Photo by Layna Hendrich of PhotographyLayn

Thursday, October 15, 2015

How to Choose an Accessible Four-wheeler

When Russ and I were dating, one of our favorite things to do was go four-wheeling. It was something we could enjoy together outdoors, and I wasn't limited at all by my paralysis, whether I was driving or riding. We were able to see places I wouldn't have been able to get to in my manual wheelchair, and we always had a great time exploring the mountains together.

I was fortunate that Russ already had a four-wheeler when we met, and for the most part, it works well for me when I ride or drive. But if I was in the market for a new one, these are the things I would keep in mind...

  • Hand Controls
Look for an automatic transmission with all of the controls and buttons on the handlebars. Seems like a simple thing, but sometimes you think everything is on the handlebars, and you realize there is a foot brake that has to be engaged in order to shift into high gear or reverse. Sneaky little foot brakes. And then you have to lift your leg with your hand and push your shoe down on the brake and then shift. Not cool.
  • Covers
Look at any parts on the four-wheeler that produce heat or actually get hot themselves. When you are on a four-wheeler, the last thing you need to worry about is constantly checking your legs to make sure they aren't getting burned in any way. If the four-wheeler has exposed parts that aren't covered by heat resistant material, consider wearing shin pads turned to the inside of your leg, or have a strap that holds your legs away from any direct heat.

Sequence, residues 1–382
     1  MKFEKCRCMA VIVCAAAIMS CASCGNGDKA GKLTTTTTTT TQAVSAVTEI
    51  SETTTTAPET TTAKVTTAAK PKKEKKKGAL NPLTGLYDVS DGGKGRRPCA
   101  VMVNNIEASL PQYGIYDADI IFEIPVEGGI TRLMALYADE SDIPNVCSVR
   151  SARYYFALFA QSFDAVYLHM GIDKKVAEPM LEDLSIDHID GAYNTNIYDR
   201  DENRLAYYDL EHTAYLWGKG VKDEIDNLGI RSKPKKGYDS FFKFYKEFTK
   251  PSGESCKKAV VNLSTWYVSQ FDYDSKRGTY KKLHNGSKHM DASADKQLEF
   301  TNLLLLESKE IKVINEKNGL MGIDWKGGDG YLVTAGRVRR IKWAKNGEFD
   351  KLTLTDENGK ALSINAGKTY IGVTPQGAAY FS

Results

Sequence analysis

If you burn your legs on a hot spot of the four-wheeler, it kind of looks like a paper plate thrown in a camp fire. And the hair on your legs will no longer grow in the burnt area. Don't ask me how I know this. And please don't ask my Mom.
  • Back
Depending on your level of injury, you may want to invest in some kind of adjustable backrest. Whether you are driving or riding, these come in handy to not only store things (food, medical supplies, blankets, etc.), but also they provide support so you can relax and enjoy the ride without the fear of falling or getting unnecessarily sore. Make sure your four-wheeler has the space and ability to attach a back rest, and always carry extra bungees and extra padding if needed.
  • Adaptibility
Depending on your needs, there may not be a four-wheeler that comes from the factory that won't need major modifications in order to make it work for you. Plan your modifications and make sure the four-wheeler you purchase can be modified to meet your needs.

Case in point- I introduced you all to my buddy Jake Winlow in a past post. Jake lives with a C6/7 SCI, and he has one of the coolest four-wheeler set ups I've ever seen. I will post pictures below to show you what Jake and his parents have come up with to allow Jake to drive independently, which is always the goal if possible. Check it out!

Loop for the gear shift

Key keeper

Ignition/key extension

Movable/adjustable seat back

Harness on seat

Back of seat

In forward position for driving
In back position for riding

Throttle extension

As you can see- Jake and his parents did an amazing job modifying this four-wheeler. If you have any questions about specifics, please let me know and I can forward them on to Jake.

No matter the setback, get outdoors! Happy four-wheeler shopping!